Although it has long been known that dietary intake is influenced by food access, researchers historically considered access to be a function of just household income and food prices. Tulane Nutrition's research expanded on this theory by integrating the fields of geography, food marketing, consumer economics, and community nutrition to develop a new conceptual framework on how the neighborhood retail food environment influences dietary choices and obesity. Emphasizing neighborhood food availability, racial-ethnic inequities, and income levels, our research provides a more nuanced view of food consumption behavior and highlighted the importance of interventions which include geographic access as a focus. Our work continues to seek innovative solutions to address the issue of food access through community-based research and partnerships.
Fostering Equitable Food Access and Healthy Eating Through Social Innovation and Policy Initiatives: In collaboration with The Food Trust, we promoted creative approaches to expanding access to nutritious foods through the National Center for Healthy Food Access. This national initiative serves as a catalyst to share learning and test new ideas. As part of the Center for Healthy Food Access, we supported local organizations working through the food system in New Orleans to tackle common challenges through innovation. Our findings about the innovative food and nutritional work happening in New Orleans are accessible through our Resource Guide. Previously, we worked with the Tulane University Prevention Research Center and other local partners to form the New Orleans Food Policy Advisory Committee, which advised the City of New Orleans on policy alternatives to improve food access after Hurricane Katrina. This ultimately resulted in the Fresh Food Retailer Initiative, a major local investment to fund groceries in underserved areas. Most recently, we’ve reflected on the contributions to food access made by social innovation in New Orleans since Hurricane Katrina, and the lessons that can be learned from this local experience.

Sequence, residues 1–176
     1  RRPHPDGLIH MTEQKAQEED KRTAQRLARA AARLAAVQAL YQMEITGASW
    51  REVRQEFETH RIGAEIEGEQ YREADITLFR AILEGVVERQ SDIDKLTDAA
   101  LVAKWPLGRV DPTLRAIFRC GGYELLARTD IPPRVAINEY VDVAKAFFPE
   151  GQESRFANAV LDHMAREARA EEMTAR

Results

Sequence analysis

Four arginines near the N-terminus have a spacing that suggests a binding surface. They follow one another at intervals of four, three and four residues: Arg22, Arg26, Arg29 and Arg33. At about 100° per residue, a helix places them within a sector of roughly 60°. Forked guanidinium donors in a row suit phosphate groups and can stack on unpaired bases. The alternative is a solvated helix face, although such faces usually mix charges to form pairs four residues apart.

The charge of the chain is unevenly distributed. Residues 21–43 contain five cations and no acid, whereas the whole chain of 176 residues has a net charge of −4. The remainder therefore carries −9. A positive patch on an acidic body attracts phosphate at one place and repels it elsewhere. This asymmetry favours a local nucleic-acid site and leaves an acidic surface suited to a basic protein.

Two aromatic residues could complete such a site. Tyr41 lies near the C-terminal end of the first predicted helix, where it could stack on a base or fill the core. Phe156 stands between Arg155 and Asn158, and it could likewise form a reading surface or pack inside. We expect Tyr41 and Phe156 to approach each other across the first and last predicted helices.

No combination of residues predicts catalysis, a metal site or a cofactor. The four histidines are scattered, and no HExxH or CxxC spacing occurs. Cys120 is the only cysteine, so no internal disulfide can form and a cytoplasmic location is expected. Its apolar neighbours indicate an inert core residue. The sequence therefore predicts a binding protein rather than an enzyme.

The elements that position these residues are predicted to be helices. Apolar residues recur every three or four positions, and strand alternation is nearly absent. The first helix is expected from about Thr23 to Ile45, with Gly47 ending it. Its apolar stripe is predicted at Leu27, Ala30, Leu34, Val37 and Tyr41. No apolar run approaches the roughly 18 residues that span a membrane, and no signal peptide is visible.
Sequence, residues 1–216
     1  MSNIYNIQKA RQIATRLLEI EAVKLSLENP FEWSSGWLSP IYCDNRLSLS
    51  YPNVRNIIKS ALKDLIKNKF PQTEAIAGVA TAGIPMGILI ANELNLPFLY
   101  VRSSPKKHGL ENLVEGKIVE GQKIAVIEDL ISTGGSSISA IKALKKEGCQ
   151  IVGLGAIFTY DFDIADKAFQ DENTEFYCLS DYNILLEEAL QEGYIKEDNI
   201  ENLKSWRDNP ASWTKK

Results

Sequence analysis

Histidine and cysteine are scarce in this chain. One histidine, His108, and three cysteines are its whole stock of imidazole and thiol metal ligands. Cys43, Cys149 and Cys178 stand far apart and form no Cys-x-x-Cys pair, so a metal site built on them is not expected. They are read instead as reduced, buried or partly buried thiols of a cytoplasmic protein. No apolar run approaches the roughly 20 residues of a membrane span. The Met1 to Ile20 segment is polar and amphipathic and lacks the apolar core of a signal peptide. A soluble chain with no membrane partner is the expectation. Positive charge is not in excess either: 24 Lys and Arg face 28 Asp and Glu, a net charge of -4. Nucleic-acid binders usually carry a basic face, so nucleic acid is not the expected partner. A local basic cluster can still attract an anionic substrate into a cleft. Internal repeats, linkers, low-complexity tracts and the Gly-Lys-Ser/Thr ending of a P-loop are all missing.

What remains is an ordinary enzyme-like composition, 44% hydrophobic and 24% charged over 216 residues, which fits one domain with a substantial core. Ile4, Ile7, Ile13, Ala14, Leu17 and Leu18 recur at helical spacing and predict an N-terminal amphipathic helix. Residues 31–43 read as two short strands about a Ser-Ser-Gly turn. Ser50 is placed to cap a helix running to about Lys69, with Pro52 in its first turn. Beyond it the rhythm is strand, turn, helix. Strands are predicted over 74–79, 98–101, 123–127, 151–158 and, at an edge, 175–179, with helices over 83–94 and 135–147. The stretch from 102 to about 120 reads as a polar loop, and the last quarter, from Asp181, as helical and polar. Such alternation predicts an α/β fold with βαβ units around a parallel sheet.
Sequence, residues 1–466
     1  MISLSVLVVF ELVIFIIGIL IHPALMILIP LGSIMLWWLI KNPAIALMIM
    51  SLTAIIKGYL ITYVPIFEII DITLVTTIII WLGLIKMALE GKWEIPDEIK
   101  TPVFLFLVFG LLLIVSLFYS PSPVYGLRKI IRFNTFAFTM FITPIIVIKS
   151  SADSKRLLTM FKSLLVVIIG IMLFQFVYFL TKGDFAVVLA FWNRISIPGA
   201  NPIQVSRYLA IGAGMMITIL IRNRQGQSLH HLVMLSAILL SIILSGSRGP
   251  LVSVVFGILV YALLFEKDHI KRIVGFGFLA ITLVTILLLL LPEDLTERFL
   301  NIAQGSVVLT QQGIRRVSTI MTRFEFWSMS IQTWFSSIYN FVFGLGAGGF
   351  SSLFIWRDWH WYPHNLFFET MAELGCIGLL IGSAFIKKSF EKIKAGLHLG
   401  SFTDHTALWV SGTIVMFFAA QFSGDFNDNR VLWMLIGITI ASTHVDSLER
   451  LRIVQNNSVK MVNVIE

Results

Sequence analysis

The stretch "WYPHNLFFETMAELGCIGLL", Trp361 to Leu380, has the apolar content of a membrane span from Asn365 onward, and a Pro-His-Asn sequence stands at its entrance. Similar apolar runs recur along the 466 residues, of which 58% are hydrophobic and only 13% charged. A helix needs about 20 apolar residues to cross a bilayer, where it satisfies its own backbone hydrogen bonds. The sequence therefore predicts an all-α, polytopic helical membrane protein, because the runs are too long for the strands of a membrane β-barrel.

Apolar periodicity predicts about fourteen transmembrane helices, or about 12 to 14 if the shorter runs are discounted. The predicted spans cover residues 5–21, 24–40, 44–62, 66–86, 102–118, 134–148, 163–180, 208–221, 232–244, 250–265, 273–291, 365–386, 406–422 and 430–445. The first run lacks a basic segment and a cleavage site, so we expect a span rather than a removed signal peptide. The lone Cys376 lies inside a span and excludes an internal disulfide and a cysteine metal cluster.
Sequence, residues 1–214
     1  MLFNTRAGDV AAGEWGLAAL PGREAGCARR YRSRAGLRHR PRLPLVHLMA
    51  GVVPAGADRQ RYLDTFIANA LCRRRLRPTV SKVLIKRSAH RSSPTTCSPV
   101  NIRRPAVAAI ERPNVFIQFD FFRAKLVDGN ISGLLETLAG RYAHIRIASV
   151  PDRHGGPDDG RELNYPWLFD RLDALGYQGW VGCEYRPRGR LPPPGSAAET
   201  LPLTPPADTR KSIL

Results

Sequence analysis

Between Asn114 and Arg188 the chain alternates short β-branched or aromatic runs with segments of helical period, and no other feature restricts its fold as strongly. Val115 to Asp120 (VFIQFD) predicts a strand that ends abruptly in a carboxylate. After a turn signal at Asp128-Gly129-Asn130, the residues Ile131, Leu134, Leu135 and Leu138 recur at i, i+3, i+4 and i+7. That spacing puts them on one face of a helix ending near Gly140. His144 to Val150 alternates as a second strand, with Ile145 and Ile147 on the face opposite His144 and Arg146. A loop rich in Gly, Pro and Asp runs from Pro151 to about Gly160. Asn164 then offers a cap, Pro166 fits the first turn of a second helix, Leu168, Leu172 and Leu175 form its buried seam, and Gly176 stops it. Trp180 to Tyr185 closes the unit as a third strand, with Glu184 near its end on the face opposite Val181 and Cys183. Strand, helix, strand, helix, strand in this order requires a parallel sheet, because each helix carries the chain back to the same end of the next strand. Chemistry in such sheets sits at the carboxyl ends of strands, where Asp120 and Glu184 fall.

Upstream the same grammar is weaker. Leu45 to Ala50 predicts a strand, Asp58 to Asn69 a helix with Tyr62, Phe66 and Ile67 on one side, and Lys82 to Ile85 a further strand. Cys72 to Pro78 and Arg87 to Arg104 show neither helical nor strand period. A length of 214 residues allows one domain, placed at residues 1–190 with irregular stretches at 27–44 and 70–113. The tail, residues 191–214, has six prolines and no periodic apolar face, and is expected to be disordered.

- Rose and O’Malley: Food Access 3.0: Insights From Post-Katrina New Orleans on an Evolving Approach to Food Inequities
- Tulane Nutrition Resource Guide: A Resource Guide to Innovative Food & Nutrition Work in New Orleans
- Tulane News Story: Tulane joins National Healthy Food Initiative
- Ulmer et al: Understanding Policy Enactment: The New Orleans Fresh Food Retailer Initiative
- New Orleans Food Policy Advisory Committee: Building Health Communities: Expanding Access to Fresh Food Retail
- Tulane News Story: Fresh Approach to Feeding New Orleans
Links Between Food Access and Consumption: We have written a number of papers on the links between food access and consumption. An early paper examined the connection between food store access and household fruit and vegetable use among participants in the Food Stamp Program. Another early paper further analyzed the interplay between store access, in-store availability of specific foods, and fruit and vegetable consumption. Other papers examined the links between the neighborhood food environment and weight status. In a symposium sponsored by the American Society for Nutrition, we highlighted several studies that developed new techniques for characterizing the food environment, analyzed its influence on consumption and weight status, and explored alternative policy options for interventions.